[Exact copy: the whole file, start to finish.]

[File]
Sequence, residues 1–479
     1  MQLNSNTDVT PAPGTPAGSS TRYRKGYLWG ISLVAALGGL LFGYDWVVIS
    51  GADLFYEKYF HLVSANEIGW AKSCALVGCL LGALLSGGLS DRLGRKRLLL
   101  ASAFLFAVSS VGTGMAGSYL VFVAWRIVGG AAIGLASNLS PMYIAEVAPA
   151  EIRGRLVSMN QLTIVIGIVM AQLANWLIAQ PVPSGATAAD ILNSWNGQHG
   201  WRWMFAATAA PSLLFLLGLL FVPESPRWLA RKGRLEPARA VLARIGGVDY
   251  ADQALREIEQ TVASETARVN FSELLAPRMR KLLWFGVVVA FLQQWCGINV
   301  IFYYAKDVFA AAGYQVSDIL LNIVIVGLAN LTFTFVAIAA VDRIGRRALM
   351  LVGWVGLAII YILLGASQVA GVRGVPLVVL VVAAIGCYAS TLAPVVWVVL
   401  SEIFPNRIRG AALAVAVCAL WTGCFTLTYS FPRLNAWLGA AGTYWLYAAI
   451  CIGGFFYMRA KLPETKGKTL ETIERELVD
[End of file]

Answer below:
Sequence, residues 1–479
     1  MQLNSNTDVT PAPGTPAGSS TRYRKGYLWG ISLVAALGGL LFGYDWVVIS
    51  GADLFYEKYF HLVSANEIGW AKSCALVGCL LGALLSGGLS DRLGRKRLLL
   101  ASAFLFAVSS VGTGMAGSYL VFVAWRIVGG AAIGLASNLS PMYIAEVAPA
   151  EIRGRLVSMN QLTIVIGIVM AQLANWLIAQ PVPSGATAAD ILNSWNGQHG
   201  WRWMFAATAA PSLLFLLGLL FVPESPRWLA RKGRLEPARA VLARIGGVDY
   251  ADQALREIEQ TVASETARVN FSELLAPRMR KLLWFGVVVA FLQQWCGINV
   301  IFYYAKDVFA AAGYQVSDIL LNIVIVGLAN LTFTFVAIAA VDRIGRRALM
   351  LVGWVGLAII YILLGASQVA GVRGVPLVVL VVAAIGCYAS TLAPVVWVVL
   401  SEIFPNRIRG AALAVAVCAL WTGCFTLTYS FPRLNAWLGA AGTYWLYAAI
   451  CIGGFFYMRA KLPETKGKTL ETIERELVD